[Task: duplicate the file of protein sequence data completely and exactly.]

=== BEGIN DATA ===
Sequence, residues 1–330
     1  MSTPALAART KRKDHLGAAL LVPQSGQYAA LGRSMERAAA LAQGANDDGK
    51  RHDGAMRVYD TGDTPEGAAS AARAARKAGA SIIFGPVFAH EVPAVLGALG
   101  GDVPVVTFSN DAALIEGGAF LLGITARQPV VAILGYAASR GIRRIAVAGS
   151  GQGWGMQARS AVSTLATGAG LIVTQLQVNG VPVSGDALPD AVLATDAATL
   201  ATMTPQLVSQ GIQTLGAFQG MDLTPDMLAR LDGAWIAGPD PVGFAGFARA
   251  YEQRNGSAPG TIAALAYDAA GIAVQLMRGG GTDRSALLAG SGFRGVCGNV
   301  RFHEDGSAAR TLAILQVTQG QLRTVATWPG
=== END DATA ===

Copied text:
Sequence, residues 1–330
     1  MSTPALAART KRKDHLGAAL LVPQSGQYAA LGRSMERAAA LAQGANDDGK
    51  RHDGAMRVYD TGDTPEGAAS AARAARKAGA SIIFGPVFAH EVPAVLGALG
   101  GDVPVVTFSN DAALIEGGAF LLGITARQPV VAILGYAASR GIRRIAVAGS
   151  GQGWGMQARS AVSTLATGAG LIVTQLQVNG VPVSGDALPD AVLATDAATL
   201  ATMTPQLVSQ GIQTLGAFQG MDLTPDMLAR LDGAWIAGPD PVGFAGFARA
   251  YEQRNGSAPG TIAALAYDAA GIAVQLMRGG GTDRSALLAG SGFRGVCGNV
   301  RFHEDGSAAR TLAILQVTQG QLRTVATWPG